Last week, President Muhammadu Buhari wrote to the Senate explaining why he could not act on the suggestion of the Senate for him to ease out Mr Babachir Lawal as the Secretary to the Government of the Federation. The President’s letter basically raised certain technical issues in the process and procedure adopted by the Senate in reaching its decision. The President listed those as reasons for his resistance to the position of the upper legislative house.

Last December 19, I had written on the findings of the Senate and held that from the facts presented, one expected the President who rode to power on the basis of anti-corruption, to sack Lawal, without much ado.

The Senate had in that report drawn several conclusions including that Lawal is linked to a certain Rholavision Engineering Ltd, a company which apparently benefited from the audacious contract of N248, 939, 231 given to Josmon Technologies Ltd by the Presidential Initiative on North-East to clear “invasive plant species” (read, grass).

e in the media reports show that subsequent to Josmon receiving the contract, it made 20 different funds transfer of N10m each to Rholavision. It would seem therefore that Rholavision received N200 million from Josmon in those suspicious transactions which began from March 29.

I equally observed in December, and I still think that Lawal’s link to Rholavision is unmistakable. He was, until September 2016, a director of the company. This is a clear violation of the Code of Conduct for Public Officers, which Lawal, as the SGF, is subject to. What makes it even more appalling is the fact that PINE was under the direct operation of the SGF. So, if the Senate findings are factual, it means the SGF merely gave a public contract to himself, in a roundabout manner. This is another breach of the Code of Conduct.

Under paragraph 1 of the Code of Conduct for Public Officers, a public officer shall not put himself (or herself as the case may be) in a position where his/her personal interest conflicts with his/her duties and responsibilities. This summarises the guiding principle of the Code. But by sitting over a procurement process that awards contract to a company in which he has an apparent interest in, directly or indirectly, Lawal could be said to have breached the trust expected of him.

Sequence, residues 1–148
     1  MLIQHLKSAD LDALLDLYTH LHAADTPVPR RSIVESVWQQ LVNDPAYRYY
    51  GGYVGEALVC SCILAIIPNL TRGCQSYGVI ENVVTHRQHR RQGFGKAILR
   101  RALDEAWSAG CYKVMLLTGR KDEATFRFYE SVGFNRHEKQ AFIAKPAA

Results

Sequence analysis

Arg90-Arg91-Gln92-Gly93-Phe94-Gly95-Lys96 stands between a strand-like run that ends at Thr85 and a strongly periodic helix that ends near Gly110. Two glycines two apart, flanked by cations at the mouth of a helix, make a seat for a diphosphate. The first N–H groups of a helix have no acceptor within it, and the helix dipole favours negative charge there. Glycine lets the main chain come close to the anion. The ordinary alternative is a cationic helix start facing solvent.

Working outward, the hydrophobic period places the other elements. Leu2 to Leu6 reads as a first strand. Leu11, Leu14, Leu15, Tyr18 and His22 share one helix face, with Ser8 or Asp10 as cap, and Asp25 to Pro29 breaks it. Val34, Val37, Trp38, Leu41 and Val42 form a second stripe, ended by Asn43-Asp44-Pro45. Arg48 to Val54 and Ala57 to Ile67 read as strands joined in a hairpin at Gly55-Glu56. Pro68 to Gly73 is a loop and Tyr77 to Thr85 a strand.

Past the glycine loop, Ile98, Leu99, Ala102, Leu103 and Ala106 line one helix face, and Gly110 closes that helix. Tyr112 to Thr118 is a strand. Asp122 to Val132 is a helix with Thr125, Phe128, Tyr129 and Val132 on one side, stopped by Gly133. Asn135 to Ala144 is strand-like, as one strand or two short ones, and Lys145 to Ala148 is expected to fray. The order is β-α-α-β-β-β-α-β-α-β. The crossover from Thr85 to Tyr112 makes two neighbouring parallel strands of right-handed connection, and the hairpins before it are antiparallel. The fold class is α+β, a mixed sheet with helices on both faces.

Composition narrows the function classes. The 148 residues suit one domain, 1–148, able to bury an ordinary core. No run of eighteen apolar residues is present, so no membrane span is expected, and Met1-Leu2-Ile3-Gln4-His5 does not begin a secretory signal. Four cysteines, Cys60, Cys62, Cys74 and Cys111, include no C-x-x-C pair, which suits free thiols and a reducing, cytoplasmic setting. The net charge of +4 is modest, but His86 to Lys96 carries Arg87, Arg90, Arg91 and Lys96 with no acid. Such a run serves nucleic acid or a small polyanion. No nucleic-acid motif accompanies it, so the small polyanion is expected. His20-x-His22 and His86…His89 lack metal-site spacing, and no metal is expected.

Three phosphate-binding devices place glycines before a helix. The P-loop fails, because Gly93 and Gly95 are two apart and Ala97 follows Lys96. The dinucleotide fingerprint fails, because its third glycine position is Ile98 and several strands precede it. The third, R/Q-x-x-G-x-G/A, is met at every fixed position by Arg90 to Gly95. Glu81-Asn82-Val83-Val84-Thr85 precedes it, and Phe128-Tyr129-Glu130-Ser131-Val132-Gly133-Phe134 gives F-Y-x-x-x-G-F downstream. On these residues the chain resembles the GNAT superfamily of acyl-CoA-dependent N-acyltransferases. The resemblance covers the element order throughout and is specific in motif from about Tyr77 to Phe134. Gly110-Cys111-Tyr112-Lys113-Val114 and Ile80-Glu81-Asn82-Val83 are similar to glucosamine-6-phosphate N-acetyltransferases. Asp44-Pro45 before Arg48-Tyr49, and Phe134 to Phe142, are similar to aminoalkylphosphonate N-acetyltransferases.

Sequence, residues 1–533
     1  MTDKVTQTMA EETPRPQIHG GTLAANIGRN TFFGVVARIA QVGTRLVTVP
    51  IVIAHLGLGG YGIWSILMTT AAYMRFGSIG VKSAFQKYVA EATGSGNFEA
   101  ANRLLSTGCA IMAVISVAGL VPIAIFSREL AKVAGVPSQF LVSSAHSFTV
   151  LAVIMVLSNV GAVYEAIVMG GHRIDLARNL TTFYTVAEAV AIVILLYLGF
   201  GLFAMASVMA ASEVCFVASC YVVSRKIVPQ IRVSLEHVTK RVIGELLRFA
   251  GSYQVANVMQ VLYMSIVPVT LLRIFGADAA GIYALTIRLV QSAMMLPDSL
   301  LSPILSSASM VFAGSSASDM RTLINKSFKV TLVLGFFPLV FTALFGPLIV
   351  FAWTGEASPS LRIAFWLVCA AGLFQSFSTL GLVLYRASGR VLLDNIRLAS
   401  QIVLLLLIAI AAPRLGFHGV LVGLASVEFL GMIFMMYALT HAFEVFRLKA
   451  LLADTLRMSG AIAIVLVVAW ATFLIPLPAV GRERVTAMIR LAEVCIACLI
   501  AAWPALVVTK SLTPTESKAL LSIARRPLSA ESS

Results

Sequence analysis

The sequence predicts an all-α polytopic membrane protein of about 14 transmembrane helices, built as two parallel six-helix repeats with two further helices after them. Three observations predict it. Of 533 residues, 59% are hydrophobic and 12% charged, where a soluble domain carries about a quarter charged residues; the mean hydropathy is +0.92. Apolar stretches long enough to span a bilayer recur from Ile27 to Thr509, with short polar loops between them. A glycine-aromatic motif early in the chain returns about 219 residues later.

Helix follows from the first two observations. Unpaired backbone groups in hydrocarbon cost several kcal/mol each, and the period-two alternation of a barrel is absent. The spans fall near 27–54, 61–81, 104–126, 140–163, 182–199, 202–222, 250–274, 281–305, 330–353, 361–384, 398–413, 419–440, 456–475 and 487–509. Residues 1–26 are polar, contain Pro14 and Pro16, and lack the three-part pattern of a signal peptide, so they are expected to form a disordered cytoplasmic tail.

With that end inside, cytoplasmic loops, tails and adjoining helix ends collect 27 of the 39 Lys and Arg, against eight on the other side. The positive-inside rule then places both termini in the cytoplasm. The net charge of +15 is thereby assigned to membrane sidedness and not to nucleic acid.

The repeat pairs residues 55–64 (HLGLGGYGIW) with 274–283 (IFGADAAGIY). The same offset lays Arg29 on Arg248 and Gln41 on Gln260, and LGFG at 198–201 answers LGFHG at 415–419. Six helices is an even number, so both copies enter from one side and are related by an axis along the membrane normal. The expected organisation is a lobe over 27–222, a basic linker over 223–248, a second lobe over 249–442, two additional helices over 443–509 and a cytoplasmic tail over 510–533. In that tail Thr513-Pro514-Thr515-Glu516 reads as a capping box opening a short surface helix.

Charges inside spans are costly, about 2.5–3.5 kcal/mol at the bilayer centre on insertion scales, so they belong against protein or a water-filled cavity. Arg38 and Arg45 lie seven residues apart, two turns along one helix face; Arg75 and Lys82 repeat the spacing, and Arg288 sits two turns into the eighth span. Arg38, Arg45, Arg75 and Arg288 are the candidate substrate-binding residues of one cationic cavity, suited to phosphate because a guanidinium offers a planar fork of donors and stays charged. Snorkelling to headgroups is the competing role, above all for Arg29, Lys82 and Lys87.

Paragraph 2 of the Code requires that a public officer on full time employment shall not “engage or participate in the management or running of any private business, profession or trade” apart from farming. Lawal’s continuation as director of Rholavision until September, while already serving as a public officer, is a clear violation of the Code of Conduct.

In 2015, I wrote a three-part newspaper article on the Code of Conduct for public officers. I raised concern that this provision of the Code was in widespread breach and called for an auditing of procurement in some public agencies. The Senate’s investigation exposed that too.

The President’s letter said the SGF was not given a fair hearing. And one wants to believe that the further investigation conducted or ordered by the President gave him such fair hearing which led to the conclusion he drew that he had done no wrong. The further information given by the Senate seems to show however that Lawal was given a fair chance to be heard. That he failed to take full advantage of that to appear in person is his fault, not that of the Senate. And the attitude he displayed when he publicly dismissed the Senate’s recommendation is one we should condemn. By referring to the Senate’s decision as “balderdash”, he insulted an institution that represents our collective as a people and the core of our democracy. And I say so, in spite of what we think of those who sit in the Senate currently.